7    }
9    // Helper function to perform depth-first search
10    function checkUnival(root: TreeNode | null, value: number): boolean {
11        if (root === null) {
12            return true; // Reached the end of a branch
13        }
14        if (root.val !== value) {
15            return false; // Current node value doesn't match the value we're checking against
16        }
17        // Recursively check left and right subtrees
18        return checkUnival(root.left, value) && checkUnival(root.right, value);
19    }
21    // Start checking univality from the root node using its value
22    return checkUnival(root, root.val);
25// Definition for a binary tree node
26class TreeNode {
27    val: number;
28    left: TreeNode | null;
29    right: TreeNode | null;
31    constructor(val?: number, left?: TreeNode | null, right?: TreeNode | null) {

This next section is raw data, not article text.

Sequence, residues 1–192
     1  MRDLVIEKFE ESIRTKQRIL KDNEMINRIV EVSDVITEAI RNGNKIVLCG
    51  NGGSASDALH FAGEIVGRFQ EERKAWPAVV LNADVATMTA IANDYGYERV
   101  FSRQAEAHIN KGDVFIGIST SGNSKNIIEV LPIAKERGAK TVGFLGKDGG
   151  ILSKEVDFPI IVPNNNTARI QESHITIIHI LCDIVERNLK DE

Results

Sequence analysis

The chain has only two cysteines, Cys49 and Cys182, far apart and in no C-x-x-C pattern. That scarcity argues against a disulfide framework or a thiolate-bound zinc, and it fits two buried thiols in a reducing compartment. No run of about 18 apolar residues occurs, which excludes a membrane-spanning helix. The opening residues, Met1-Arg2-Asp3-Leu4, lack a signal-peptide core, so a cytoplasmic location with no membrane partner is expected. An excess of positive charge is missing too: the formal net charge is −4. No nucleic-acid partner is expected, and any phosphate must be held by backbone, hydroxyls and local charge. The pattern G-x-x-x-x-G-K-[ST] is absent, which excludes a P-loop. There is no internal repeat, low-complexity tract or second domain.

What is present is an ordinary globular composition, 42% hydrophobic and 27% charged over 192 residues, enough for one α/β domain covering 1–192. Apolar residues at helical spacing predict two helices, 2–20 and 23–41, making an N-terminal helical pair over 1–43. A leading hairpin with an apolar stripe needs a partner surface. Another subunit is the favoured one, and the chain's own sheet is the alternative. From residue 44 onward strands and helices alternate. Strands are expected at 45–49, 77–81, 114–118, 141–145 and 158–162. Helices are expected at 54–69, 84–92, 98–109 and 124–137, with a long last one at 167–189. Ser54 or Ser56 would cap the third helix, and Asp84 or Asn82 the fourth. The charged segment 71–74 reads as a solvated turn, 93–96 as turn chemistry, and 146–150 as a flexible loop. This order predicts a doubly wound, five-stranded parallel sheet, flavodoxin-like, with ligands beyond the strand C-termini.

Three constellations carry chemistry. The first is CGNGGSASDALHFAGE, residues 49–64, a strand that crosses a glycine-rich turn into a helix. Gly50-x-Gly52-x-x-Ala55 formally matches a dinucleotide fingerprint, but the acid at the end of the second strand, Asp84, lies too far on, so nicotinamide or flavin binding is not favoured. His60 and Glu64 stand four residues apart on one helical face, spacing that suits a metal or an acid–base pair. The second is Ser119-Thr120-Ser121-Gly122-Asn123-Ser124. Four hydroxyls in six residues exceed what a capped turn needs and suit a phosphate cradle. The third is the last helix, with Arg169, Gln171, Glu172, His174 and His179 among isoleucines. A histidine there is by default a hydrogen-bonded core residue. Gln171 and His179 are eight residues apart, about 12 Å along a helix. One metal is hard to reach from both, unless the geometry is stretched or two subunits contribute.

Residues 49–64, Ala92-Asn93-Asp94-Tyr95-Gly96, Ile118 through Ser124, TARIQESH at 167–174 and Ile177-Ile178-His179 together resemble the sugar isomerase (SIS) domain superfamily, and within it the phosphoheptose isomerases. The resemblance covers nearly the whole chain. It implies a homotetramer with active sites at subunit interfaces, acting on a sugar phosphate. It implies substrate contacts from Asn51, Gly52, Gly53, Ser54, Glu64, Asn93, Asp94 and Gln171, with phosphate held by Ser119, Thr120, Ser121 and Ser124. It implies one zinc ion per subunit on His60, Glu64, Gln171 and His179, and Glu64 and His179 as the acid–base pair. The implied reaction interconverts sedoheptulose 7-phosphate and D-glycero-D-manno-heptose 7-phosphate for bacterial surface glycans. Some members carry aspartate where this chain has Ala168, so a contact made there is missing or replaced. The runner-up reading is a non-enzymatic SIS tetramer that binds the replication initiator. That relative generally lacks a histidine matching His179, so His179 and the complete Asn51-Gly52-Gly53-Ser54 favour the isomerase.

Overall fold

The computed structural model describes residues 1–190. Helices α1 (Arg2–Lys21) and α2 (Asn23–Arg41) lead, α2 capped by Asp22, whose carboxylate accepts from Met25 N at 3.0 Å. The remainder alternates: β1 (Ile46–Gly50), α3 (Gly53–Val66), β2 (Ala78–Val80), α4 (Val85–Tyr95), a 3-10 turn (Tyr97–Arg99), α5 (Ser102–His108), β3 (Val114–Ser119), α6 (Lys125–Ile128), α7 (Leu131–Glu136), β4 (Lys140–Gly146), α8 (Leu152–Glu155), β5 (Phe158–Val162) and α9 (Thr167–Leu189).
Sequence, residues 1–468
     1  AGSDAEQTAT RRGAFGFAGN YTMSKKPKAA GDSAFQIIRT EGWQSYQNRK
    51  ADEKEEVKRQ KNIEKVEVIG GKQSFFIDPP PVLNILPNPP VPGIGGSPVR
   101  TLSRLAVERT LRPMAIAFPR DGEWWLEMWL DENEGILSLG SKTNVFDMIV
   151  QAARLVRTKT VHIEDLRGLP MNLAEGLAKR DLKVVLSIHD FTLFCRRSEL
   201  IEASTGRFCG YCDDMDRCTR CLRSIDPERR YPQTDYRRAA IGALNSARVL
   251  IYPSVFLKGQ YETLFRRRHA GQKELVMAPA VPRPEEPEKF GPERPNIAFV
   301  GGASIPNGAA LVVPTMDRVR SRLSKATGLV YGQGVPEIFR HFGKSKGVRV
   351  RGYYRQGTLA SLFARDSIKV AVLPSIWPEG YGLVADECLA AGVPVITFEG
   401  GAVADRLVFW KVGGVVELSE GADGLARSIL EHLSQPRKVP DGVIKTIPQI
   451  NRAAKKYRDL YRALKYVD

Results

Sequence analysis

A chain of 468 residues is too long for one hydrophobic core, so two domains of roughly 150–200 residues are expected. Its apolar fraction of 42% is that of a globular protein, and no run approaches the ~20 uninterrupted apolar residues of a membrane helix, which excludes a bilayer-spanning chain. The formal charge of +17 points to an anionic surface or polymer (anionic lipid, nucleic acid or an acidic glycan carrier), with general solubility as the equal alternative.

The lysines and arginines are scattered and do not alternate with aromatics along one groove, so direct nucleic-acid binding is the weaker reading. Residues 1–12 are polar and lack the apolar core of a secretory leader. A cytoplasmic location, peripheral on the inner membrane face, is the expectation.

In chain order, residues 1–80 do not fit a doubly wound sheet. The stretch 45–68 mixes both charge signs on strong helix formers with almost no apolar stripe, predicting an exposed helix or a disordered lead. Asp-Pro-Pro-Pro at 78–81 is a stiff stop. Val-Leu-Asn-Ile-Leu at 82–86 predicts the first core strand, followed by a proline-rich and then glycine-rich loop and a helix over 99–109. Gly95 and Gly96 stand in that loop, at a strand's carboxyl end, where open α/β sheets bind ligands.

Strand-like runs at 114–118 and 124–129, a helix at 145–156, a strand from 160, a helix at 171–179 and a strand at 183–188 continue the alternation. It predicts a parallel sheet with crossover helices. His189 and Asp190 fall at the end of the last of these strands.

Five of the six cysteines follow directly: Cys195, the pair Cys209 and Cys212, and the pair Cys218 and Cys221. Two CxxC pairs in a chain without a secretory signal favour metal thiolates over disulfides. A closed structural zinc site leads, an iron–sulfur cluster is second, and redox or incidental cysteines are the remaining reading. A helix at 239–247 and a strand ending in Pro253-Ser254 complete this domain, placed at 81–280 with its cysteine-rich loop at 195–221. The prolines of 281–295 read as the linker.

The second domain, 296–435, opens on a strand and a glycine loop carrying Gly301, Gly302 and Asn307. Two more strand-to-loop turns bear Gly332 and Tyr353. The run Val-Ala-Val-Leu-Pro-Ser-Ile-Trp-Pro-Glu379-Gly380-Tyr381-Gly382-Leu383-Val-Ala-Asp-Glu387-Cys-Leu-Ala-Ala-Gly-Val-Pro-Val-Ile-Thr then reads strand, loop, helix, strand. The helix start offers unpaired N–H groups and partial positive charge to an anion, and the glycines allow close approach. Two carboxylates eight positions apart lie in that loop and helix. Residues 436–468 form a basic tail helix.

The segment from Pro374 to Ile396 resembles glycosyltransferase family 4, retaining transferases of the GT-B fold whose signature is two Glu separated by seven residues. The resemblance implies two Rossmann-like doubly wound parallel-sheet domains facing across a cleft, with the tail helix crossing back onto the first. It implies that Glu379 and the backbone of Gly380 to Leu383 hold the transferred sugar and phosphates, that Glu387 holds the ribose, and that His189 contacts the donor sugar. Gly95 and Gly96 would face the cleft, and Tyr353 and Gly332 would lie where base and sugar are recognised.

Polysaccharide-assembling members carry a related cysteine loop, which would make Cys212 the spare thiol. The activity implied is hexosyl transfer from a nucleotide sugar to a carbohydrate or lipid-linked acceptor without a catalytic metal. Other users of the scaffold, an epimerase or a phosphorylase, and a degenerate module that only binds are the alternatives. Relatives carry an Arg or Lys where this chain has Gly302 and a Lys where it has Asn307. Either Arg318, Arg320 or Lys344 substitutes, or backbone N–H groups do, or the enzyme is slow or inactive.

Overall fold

32        this.val = val === undefined ? 0 : val;
33        this.left = left === undefined ? null : left;
34        this.right = right === undefined ? null : right;
35    }
38// Example usage:
39// const tree = new TreeNode(1, new TreeNode(1), new TreeNode(1));
40// console.log(isUnivalTree(tree)); // Output: true

Time and Space Complexity

Time Complexity

The time complexity of the provided code is O(n), where n is the number of nodes in the binary tree. This is because each node in the tree is visited exactly once to check whether it matches the value of the root node.

Space Complexity

The space complexity of the code is O(h), where h is the height of the binary tree. This is the space required by the call stack due to recursion. In the worst case, where the tree is skewed, the space complexity would be O(n), corresponding to the number of recursive calls equal to the number of nodes in a skewed tree.